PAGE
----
-Janet Taylor, Southport, UK.[/quote]
Then, as I was reading a biography about my hero Bonhoeffer: Pastor, Martyr, Prophet, Spy by Eric Metaxas, I started noting the similarities between this time and the events prior to WWII. I realized that Bonhoeffer would not be watching this from afar, sitting down at leisure, casually clicking through news posts of courageous heroes risking their lives for all that is good and right. My conscience bade me to take a serious stand and become further involved as much as possible through volunteering and connecting resources, and support through reliable nonprofits.
Lastly: I have always said that if I had been of age during the 60’s Civil Rights Marches in the USA, I would have joyfully marched. That is easy to say with words now, post-victory. Over the last few weeks, as I “meet” Ukraine heroes online, correspond with and pray for them, and am personally welcomed into their vulnerable chaotic wartime struggles, [quote style=”boxed” float=”left”]I support Ukraine because I have an undying love for Ukraine and Ukrainians. I am married to a Ukraine and I am 6th generation Western Australian. I am very lucky to have been born in a country that is free and democratic. It upsets me to see such a beautiful country such as Ukraine being bullied and persecuted by it’s neighbour (Russia) all because Ukraine wants it’s own Independence and to stand on their own two feet without having a dictator like huylo putin standing over them. Ukrainians deserve their freedom and if we all stand together and show huylo putin that the world is beside and with Ukraine.-Lynette Kulynycz, Australia[/quote] I feel God stirring in my heart that this is “my” Civil Rights March, and I invite others to join; we are here for such a time as this.
Psalm 82: “How long will you defend the unjust and show partiality to the wicked? Defend the weak and the fatherless; uphold the cause of the poor and the oppressed. Rescue the weak and the needy; deliver them from the hand of the wicked… All the foundations of the earth are shaken… Rise up, O God, judge the earth!”
Becoming so involved with a country so far away, which I have no connection with, has been an incredible journey. I am daily humbled when reading stories of life-risking heroes who seek no honor but the freedom of their country and provision for its war-torn refugees, as I sit and “support” from the comfort of my California condo. Most of my peers are so-far unaffected and think I’m crazy, but I believe that the passion I have for Ukraine is God’s passion, the tears I cry are from the heart of its Creator, and the words I write or edit are inspired by the Lover of all that is good and noble, pure and right, true and honorable, lovely and worthy of praise.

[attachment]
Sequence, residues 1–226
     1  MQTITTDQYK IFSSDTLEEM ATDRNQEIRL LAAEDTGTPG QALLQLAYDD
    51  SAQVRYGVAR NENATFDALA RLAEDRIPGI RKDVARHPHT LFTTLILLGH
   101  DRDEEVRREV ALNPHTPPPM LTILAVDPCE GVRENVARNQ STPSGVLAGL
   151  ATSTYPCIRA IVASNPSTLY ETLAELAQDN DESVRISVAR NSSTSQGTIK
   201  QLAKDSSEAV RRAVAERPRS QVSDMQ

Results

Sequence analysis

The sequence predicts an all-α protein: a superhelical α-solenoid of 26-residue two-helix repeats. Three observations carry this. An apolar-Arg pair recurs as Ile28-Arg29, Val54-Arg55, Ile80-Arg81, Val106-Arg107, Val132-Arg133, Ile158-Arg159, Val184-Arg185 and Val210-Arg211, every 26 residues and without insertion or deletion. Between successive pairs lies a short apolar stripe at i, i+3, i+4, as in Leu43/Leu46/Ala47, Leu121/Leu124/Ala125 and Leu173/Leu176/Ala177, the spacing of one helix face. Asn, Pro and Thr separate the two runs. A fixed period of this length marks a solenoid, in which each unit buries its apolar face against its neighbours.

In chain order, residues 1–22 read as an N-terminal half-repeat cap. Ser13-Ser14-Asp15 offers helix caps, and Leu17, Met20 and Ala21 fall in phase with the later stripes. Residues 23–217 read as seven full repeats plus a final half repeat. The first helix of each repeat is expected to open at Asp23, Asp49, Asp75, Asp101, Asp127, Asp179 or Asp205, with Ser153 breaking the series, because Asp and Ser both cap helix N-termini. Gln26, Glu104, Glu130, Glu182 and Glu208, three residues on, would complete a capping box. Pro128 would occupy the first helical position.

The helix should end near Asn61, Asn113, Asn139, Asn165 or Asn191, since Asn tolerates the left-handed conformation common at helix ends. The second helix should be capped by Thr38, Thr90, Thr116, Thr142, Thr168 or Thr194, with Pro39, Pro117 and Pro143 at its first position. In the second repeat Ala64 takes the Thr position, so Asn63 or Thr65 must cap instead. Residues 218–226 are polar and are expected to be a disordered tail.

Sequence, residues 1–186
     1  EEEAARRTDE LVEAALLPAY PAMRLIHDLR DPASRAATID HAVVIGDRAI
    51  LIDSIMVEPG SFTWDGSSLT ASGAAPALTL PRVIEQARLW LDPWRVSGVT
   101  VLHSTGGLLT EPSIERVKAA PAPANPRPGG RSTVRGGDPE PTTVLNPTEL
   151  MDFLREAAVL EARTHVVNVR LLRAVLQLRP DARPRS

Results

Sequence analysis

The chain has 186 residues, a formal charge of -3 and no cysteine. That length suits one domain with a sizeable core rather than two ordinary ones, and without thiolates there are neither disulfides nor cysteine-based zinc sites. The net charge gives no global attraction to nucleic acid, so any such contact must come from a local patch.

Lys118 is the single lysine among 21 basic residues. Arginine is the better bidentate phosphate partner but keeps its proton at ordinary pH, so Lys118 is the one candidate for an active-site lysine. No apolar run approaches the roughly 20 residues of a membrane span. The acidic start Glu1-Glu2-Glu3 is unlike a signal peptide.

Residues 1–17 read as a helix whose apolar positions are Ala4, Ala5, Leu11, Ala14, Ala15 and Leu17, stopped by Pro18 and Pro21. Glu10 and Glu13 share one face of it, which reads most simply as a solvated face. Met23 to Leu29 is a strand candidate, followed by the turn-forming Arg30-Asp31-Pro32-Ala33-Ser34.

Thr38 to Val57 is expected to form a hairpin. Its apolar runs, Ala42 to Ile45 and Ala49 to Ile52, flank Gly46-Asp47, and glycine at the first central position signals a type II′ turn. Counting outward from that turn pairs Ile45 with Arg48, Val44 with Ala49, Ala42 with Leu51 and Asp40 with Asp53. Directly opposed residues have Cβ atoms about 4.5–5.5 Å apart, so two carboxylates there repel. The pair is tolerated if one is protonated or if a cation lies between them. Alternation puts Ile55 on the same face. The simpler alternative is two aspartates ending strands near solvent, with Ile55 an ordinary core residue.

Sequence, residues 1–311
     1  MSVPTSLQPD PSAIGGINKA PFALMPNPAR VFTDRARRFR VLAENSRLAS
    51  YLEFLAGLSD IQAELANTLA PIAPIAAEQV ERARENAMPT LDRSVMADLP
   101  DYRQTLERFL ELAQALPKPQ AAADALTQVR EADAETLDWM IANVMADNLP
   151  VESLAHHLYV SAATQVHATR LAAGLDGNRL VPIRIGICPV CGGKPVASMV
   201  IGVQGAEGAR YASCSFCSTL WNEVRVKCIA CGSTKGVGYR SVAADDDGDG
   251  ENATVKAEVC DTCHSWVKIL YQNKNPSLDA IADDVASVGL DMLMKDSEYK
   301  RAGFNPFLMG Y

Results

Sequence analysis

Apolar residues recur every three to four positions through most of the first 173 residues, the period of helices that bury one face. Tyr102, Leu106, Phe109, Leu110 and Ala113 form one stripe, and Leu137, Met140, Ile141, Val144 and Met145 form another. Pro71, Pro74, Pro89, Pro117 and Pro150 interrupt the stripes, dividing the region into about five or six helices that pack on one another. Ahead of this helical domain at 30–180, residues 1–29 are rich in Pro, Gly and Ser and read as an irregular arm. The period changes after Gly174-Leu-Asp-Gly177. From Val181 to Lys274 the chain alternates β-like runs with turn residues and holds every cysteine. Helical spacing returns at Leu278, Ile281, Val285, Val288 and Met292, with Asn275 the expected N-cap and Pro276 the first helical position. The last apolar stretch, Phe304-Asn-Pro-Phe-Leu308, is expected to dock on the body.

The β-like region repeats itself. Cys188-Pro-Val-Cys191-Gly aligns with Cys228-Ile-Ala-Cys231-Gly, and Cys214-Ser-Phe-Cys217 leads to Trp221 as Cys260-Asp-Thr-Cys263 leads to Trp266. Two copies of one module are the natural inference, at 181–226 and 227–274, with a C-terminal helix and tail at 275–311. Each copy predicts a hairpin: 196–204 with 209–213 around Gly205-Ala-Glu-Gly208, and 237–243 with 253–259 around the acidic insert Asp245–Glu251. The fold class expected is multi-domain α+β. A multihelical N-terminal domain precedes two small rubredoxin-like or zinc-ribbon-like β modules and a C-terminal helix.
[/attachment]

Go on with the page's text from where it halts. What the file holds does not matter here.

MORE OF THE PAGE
-Lisa Spencer, California, USA
Though I am an American citizen, a part of my heart will always abide in Ukraine, and I long for an opportunity to return there. I can’t be there now. I’m a wife and mom and have responsibilities with my family here in the US. Even if I were there, there’s not much I could do against Russian invaders. But I can pray, and I can ask others to pray.That’s why I started my Facebook group, Pray for Ukraine. Someday, I want to go back to Ukraine. I want to take my daughter back there to see where she comes from. I pray that I will be taking her to an independent Ukraine, forever free of the Russian yoke.
Melinda K. Busch
I support Ukraine because of the people I’ve gotten to know there since 1998, when I came to Lviv to work on a dissertation in Russian and East European history. It was my first time seeing Ukrainian society close-up after the Soviet Union had fallen, and I had been shocked by the terrible social inequalities between rich and poor, the corruption in the state, the manipulation and intimidation of the political opposition, and the arbitrary treatment of journalists. Despite all these problems, politicians, students, and intellectuals talked about Ukraine one day joining the European Union and overcoming the difficulties created by the Soviet Union’s collapse. I was confident that the children coming of age at the end of the 1990s would see a future closer to that of their western neighbors. I supported the Ukraine without Kuchma demonstrations in 2001-2002, and I’d even taken part in one in Lviv in 2002. I sent in a donation to help demonstrators during the Orange Revolution of 2004. When the Euromaidan demonstrations broke out in the fall of 2013, I knew I had to support those demonstrators who wanted to change the entire system, one that had shocked me when I’d first seen it in 1998. Regarding the war between Ukraine and Russia, I support Ukraine because I believe that the past quarter century has produced a political nation of Ukrainians that the Western media largely ignores, preferring instead to speak conveniently of a “civil war” between a Ukrainian-speaking west and a Russian-speaking east.
-William Risch, Milledgeville, Georgia
I first visited Ukraine to see a Ukrainian-American friend in Lviv and have been back several times since. Each time I was struck by people’s warmth and honesty, and I watched the Euromaidan revolution with great hope for the country. The values that were fought and died for on the Maidan are more genuine representation of the European ideal than one can find in most western capitals. It’s a moral imperative that we support Ukrainians in their effort to resist Russian-style corruption and cronyism, which Putin wishes now to impose through brute force. All Americans and all Europeans should be fighting for Ukraine to become the democratic, modern society for which so much has already been sacrificed.
-Andrew Kinder, American living in Cologne, Germany
-Shirley Damazo, Cadiz, Spain. Europe
To be continued…